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GCN Circular 13452

Subject
GRB 120711A: Fermi LAT Detection
Date
2012-07-12T02:03:05Z (11 years ago)
From
Daniel Kocevski at SLAC <dankocevski@gmail.com>
Daniel Kocevski (Stanford Univ.) and Giacomo Vianello (CIFS/SLAC), Nicola Omodei (Stanford Univ.), and Seth Digel (SLAC) report on behalf of the Fermi LAT Team:

Fermi-LAT has detected high energy emission from the bright GRB 120711A in ground analysis. The GRB triggered the Fermi-GBM on July 11th, 2012 at 02:44:53.29 UTC (trigger 363667496/120711115, Gruber et al. GCN 13437) and was bright enough to result in a spacecraft autonomous repoint.

At the time of the GBM trigger, the angle between the GRB position and the LAT bore-sight was 134.4 degrees for the duration of the prompt emission, and remained outside the Fermi-LAT nominal field of view for an additional ~600 seconds.

A preliminary maximum-likelihood analysis of the E>75MeV P7TRANSIENT_V6 LAT data centered on the XRT position reported by Beardmore et al. (GCN 13442) generated for the interval T0+600s to T0+1100s revealed a significant transient source, with a spectrum well described by a power law of index -2.0 +/ 0.3 (68% C.L. statistical only). These results are in agreement with those found by Tam et al. (GCN 13444).  Using the data covering T0+600s to T0+1100s, we obtained the best LAT on-ground localization of:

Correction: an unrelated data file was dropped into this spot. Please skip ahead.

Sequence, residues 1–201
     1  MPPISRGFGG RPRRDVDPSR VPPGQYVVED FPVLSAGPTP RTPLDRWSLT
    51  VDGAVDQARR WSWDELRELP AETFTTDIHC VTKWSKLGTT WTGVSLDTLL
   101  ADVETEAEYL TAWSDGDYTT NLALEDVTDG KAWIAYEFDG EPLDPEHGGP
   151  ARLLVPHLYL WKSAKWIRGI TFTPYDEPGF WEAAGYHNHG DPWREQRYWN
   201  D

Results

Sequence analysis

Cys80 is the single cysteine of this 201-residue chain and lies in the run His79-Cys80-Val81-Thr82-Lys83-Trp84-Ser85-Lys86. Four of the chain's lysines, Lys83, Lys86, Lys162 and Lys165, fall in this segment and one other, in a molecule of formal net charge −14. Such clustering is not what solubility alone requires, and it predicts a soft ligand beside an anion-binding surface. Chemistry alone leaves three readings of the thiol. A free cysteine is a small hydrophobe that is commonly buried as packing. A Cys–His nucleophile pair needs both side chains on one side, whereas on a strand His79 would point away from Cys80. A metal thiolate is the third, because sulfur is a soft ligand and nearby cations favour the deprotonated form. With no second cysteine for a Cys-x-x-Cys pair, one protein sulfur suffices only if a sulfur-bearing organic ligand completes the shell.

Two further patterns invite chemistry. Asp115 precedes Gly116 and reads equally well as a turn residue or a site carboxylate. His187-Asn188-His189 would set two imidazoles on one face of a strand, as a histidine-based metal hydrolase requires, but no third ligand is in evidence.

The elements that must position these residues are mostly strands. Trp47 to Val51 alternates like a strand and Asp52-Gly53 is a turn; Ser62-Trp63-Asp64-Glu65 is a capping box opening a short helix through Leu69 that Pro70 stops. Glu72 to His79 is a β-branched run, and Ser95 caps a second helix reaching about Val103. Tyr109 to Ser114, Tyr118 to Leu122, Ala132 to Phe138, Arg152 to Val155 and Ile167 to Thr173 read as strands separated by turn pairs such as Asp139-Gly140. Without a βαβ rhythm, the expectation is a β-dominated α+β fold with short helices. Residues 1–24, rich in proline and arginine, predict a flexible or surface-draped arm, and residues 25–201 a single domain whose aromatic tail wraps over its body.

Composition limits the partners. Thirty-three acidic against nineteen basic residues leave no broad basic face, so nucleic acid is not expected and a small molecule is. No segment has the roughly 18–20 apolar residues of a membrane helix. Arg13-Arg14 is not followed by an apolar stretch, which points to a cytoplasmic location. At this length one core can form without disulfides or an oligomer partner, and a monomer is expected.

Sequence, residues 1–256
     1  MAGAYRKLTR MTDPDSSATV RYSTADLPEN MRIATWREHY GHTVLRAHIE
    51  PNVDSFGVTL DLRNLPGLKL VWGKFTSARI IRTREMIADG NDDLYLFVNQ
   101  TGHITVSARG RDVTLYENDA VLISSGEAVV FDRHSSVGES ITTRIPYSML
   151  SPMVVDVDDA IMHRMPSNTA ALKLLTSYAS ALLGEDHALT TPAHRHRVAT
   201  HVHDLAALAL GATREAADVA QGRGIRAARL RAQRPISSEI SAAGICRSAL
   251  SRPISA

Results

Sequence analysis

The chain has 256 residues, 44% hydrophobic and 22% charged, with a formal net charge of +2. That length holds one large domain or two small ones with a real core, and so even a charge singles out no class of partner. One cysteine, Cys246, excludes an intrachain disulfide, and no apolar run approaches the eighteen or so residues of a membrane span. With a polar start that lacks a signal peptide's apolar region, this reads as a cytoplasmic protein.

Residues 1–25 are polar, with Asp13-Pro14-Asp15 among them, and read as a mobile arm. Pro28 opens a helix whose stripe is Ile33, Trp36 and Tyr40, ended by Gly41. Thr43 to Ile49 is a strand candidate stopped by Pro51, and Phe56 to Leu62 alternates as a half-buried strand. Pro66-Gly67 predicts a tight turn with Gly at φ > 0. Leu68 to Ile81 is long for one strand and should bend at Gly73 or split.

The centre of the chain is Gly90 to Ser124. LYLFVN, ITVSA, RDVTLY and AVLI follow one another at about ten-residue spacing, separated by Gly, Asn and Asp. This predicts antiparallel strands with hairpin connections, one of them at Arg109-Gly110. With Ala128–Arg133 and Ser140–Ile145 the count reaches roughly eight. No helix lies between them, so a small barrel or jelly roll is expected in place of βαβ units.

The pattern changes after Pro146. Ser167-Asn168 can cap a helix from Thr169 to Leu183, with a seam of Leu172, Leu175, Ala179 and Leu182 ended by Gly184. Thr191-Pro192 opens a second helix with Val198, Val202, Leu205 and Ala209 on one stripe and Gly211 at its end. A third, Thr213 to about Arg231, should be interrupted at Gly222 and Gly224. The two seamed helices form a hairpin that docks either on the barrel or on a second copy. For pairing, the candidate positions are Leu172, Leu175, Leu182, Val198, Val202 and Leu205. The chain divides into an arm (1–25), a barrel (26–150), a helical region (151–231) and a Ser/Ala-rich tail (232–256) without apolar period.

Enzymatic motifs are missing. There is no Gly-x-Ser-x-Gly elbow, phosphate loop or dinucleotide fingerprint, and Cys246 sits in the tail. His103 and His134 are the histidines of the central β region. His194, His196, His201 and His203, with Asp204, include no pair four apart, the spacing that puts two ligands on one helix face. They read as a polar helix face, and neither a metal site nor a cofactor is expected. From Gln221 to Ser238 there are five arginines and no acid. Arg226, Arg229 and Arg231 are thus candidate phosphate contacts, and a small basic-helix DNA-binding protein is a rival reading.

RA(J2000) = 94.7 deg
Dec(J2000) = -70.9 deg

with an error radius of 0.16 deg (90% containment, statistical error only), which is 0.09 deg from the XRT position, and 0.07 deg from the position reported by Tam et al. (GCN 13444).

We note that this position is ~1.4 degrees away from the known variable gamma-ray source 2FGL J0601.1-7037, which has been associated with the blazar PKS 0601-70. In order to understand if the observed excess can be due to a brightening of the blazar we considered two nested models for our data, one including just the blazar, and one including both the blazar and a new source (the GRB). Our data favor the latter model, with the fit converging to a solution with a negligible contribution from the blazar, as expected from the mean flux reported in the Fermi 2FGL catalog (Nolan et al., 2012). An analysis using E>75MeV P7TRANSIENT_V6 data covering an interval before the burst (T0-6000s to T0-2000 s) shows no significant emission at the location of the blazar. Thus, 2FGL J0601.1-7037 is unlikely to be the source of the excess.

We caution against the use of data after ~T0+2600 s, because of a large Zenith angle of the GRB, potentially resulting in a strong contamination from terrestrial gamma-rays originating from charged particle interactions with Earth's atmosphere.

The Fermi-LAT point of contact for this burst is Daniel Kocevski
(kocevski@stanford.edu)
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